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Free emergency treatment at Assam’s pvt hospitals
Published on 4 Apr. 2010 11:58 PM IST
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Imagine a heart attack or a road accident victim being wheeled into a private hospital and the family members worrying not about the patient’s health but about how will they meet the hospital bills.
In Assam, from now on anyone needing emergency treatment need not bother about the bills. The state government has made it mandatory for all private hospitals to provide free treatment for the first 24 hours.
This benefit is part of the Assam Public Health Bill, 2010, passed by the state Assembly Thursday, the first such watershed legislation in the country guaranteeing the right to healthcare without a patient having to look for a government hospital in case of an emergency just because of financial constraints.
“The entire idea of this bill is to ensure quality healthcare facilities and making it easy for people, rich or poor, to avail themselves the best of treatment in the first 24 hours in an emergency situation,” Assam Health Minister Himanta Biswa Sarma told a news agency in an interview.
“The persisting inequities and denials in the matter of healthcare in the state was a concern, and hence this bill.... We hear of people afraid to take a patient to a private nursing home in the case of an emergency because of financial reasons. Now this bill makes it mandatory for all concerned to treat free of charge,” the minister added.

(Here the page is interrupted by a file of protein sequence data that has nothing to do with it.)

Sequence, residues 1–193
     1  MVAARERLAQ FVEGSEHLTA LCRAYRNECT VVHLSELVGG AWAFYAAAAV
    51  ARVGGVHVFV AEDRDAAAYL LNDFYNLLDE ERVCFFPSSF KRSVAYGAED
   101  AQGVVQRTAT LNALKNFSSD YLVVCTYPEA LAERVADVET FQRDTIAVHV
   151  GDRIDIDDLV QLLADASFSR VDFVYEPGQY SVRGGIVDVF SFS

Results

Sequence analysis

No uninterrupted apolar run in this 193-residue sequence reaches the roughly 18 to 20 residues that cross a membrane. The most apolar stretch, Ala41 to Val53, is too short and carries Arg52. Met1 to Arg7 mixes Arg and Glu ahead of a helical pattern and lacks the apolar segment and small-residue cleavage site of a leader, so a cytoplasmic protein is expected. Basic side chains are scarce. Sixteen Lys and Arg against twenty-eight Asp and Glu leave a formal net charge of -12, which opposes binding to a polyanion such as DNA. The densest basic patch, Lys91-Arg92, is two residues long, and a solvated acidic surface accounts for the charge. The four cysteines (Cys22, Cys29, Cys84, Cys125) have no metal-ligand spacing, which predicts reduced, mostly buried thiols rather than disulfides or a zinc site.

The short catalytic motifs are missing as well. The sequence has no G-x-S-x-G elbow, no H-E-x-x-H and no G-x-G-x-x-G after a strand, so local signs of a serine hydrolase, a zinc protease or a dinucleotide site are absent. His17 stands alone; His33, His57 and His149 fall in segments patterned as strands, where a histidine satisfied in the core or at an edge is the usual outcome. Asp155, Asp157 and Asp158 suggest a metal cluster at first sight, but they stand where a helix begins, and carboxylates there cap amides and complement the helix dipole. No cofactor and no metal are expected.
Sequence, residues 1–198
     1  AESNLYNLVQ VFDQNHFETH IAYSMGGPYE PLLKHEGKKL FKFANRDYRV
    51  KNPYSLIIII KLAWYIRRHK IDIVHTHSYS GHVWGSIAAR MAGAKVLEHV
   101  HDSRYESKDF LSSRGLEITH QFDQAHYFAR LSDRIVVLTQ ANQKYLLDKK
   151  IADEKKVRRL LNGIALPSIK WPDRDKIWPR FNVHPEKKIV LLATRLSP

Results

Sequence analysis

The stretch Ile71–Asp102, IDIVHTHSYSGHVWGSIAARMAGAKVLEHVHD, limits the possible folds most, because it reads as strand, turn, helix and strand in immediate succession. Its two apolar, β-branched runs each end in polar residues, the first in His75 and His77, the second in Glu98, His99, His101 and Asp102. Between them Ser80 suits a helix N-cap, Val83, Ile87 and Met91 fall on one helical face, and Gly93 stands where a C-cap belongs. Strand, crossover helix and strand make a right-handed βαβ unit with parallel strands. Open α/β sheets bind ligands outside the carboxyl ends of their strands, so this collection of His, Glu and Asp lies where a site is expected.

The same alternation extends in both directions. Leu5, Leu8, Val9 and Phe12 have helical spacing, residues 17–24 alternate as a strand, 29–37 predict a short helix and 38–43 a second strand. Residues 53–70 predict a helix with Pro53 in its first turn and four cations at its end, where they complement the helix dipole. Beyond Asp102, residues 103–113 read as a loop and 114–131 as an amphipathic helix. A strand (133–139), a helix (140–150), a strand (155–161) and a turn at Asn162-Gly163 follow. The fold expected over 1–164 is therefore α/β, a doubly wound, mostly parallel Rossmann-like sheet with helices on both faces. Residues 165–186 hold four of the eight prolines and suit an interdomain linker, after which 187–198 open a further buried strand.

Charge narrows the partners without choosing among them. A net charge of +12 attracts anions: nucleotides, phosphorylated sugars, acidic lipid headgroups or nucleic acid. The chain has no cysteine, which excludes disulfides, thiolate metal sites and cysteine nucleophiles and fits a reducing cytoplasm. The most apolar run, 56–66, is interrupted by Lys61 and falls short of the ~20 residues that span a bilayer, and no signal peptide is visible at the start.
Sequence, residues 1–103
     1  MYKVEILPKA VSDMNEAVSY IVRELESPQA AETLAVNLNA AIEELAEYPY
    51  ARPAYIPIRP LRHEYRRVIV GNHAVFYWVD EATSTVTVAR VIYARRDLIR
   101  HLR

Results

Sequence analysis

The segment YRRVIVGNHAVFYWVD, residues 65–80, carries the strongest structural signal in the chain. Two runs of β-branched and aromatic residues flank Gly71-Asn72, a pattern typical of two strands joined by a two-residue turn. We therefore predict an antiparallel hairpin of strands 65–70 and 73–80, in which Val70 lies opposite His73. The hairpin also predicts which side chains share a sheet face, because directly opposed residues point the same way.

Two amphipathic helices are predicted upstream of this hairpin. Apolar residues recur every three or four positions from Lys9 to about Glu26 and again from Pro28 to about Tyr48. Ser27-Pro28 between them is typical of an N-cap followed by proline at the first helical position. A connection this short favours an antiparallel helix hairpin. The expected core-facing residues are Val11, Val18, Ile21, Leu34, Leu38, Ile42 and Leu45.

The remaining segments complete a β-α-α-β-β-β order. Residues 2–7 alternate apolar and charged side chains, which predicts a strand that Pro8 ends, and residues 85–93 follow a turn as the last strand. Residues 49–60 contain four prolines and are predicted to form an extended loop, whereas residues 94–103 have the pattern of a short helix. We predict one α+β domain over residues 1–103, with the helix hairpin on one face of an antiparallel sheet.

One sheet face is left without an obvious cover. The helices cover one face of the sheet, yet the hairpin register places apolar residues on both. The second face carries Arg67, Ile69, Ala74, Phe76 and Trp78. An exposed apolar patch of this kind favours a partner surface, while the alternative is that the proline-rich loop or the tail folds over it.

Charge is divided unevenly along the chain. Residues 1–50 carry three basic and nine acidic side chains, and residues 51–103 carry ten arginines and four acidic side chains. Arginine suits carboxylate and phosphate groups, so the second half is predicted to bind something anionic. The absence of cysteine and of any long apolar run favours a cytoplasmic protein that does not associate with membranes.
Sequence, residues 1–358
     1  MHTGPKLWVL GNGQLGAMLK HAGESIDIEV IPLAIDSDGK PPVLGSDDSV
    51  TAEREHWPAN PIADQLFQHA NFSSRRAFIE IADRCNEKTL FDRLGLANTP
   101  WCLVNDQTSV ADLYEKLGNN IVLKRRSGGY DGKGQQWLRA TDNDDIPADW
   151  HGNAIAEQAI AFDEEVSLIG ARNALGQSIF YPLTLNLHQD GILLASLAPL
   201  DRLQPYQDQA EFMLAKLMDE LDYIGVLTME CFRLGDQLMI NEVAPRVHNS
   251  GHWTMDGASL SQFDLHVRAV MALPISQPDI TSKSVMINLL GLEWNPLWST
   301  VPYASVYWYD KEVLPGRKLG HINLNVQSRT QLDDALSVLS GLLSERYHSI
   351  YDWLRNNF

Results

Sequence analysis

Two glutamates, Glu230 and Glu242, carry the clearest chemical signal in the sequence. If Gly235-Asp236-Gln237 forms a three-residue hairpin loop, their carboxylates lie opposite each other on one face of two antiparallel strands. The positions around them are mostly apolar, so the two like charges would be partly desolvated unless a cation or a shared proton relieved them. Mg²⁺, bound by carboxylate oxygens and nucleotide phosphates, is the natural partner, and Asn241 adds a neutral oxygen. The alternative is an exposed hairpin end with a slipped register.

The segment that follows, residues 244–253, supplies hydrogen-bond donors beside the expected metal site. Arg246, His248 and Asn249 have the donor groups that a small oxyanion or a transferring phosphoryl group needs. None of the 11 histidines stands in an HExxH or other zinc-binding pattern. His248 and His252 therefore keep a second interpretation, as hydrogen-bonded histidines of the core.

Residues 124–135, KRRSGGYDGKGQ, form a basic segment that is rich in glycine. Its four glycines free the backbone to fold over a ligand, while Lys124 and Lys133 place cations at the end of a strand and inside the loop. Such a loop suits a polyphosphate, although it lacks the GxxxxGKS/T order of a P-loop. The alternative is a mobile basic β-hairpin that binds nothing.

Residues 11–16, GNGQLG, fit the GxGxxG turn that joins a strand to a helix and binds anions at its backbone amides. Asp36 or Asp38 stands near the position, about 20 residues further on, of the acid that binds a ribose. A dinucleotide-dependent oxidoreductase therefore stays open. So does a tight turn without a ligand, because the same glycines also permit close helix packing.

“I would put the bill as a revolutionary step towards better healthcare in Assam. The idea for free treatment for the first 24 hours in all private hospitals is a very bold step,” Director of the All India Institute of Medical Sciences (AIIMS) RC Deka told a news agency over phone from New Delhi.
Not just that, the legislation also makes it mandatory for all new development projects in the state to pass a Health Impact Assessment (HIA) test.
“We know about environmental clearance in the case of a new project, but nobody bothers about the health hazards of such projects, and hence the mandatory HIA clearance provision kept in the bill,” the minister said.
The new legislation has been generally hailed.
“We are going to enforce the legislation in letter and spirit and hope the public sector cooperates with us,” the minister said.
But private hospital owners and shareholders are miffed with the legislation.
“The idea of free treatment for the first 24 hours could prove to be economically unviable for private hospitals,” said G Buragohain, a private nursing home owner.

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